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Doomsday Weekend 2: Trevor Pott and the Domain of Fire

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Designing a Defense for Mobile Applications

Sysadmin Blog On Doomsday Weekend we completely replaced our Windows domain. It was a miserable experience. It’s hard to describe how much work is involved in replacing a mature domain; certainly more than I had anticipated. It's even harder to explain the hell to non-sysadmins.

On the surface, the transition from the old network to the new looks like a series of straightforward and orderly events. The environment in question: There are five domain controllers in four cities. Additionally there is a Microsoft Exchange Server, Office Communications Server, Windows Software Update Services Server, Blackberry Enterprise Server, Teamviewer Manager Server, five Microsoft SQL Servers, three Pervasive SQL servers, a dozen print servers, a dozen file servers and more than two dozen additional application servers running remarkably resource-hungry applications.

On the Linux side there are three file servers and we’re working on two dozen web-facing servers: web sites, DNS, VPN, email filtering and so on. On top of all of this, sixty virtualised desktops, 13 Windows XP workstations, 16 Windows 7 workstations, 45 Wyse clients, eight Blackberry Handhelds and half a dozen assorted laptops. Supporting it all, 20 ESXi servers.

It’s not a big network: by your standards, it may be positively quaint. But every one of the systems, physical and virtual, was modified in some way on Doomsday weekend. They were completely replaced, rebuilt, or disjoined from the old domain and then joined to the new one - accompanied by a massive review of their application loadout. Every user in the organisation was recreated with a new profile and a clean set of folder redirections. Of course, since the usernames changed, we had to pull the mail out of the old domain’s exchange server one PST at a time, and port the homefolder files from the old domain to the new one. There were 60 million files - 8Tb - to move from one file server to the other, and all the services had to be kept fully operational during the move.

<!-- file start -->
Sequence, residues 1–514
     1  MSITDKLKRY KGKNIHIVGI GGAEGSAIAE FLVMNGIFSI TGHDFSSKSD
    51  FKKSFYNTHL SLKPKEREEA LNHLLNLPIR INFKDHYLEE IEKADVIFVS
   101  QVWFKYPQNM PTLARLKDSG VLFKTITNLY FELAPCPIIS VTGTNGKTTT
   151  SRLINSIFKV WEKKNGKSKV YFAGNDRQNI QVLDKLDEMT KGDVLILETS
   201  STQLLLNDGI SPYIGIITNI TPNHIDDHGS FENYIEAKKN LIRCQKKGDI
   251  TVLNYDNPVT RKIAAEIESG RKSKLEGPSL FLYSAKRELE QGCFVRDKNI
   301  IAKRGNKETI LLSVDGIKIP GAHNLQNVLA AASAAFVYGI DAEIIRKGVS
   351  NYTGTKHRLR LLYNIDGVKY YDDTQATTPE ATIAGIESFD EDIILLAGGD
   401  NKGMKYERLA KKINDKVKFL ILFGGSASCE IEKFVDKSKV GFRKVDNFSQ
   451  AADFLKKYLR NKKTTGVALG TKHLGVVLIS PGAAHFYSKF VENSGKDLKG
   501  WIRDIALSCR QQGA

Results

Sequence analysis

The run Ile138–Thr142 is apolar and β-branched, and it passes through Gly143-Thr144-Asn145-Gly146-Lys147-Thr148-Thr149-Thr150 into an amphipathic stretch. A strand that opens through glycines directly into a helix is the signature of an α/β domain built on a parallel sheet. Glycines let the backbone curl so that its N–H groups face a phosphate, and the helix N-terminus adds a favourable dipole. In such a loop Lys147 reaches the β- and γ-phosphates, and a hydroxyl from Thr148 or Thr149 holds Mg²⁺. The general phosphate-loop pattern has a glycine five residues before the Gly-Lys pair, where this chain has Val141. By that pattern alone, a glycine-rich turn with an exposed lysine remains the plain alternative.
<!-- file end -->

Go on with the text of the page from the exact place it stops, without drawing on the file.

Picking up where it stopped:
We started this misadventure with two sysadmins, a bench tech and two and half days to pull it all off. Had everything gone to plan, this probably would have been doable in the time allotted with a little breathing room to spare.

Of course didn’t go anywhere near to plan. First there were a series of ridiculously poorly timed hardware failures. An ESXi box bought it on one of the remote sites; it didn’t fully lock up (most of the VMs hosted on it were running just fine), but it did freeze when the new domain controller for that site was down for reboot. This had the effect of allowing us access to all of the VMs hosted on that server - except the one we really needed - while being unable to access the system via the vSphere Client.

Xerox didn't deliver our new Workcenter printers, so we didn’t have the units to test the new drivers against. We were installing blind, crossing our fingers and hoping. Monday morning we were talking people on remote sites into giving us MAC addresses for DHCP reservations for the new printers, and working out bugs in the driver configuration, such as wretched default banner sheets.

We also have large industry-specific pieces of manufacturing equipment powered by Windows 2000 Pro workstations, tied together with some interesting widgetry - the most important part of which is a timed shutdown and startup. We thought we disabled them. Sure enough, late Friday night, they all turned themselves off - leaving us scrambling on Monday morning, in a remote location, to convince the servers to join the new network before staff arrived.

I managed 82 hours uptime before I was forced to sleep.

Those are the errors that occurred beyond our control to make life interesting. Next: problems we really should have avoided, but didn’t.

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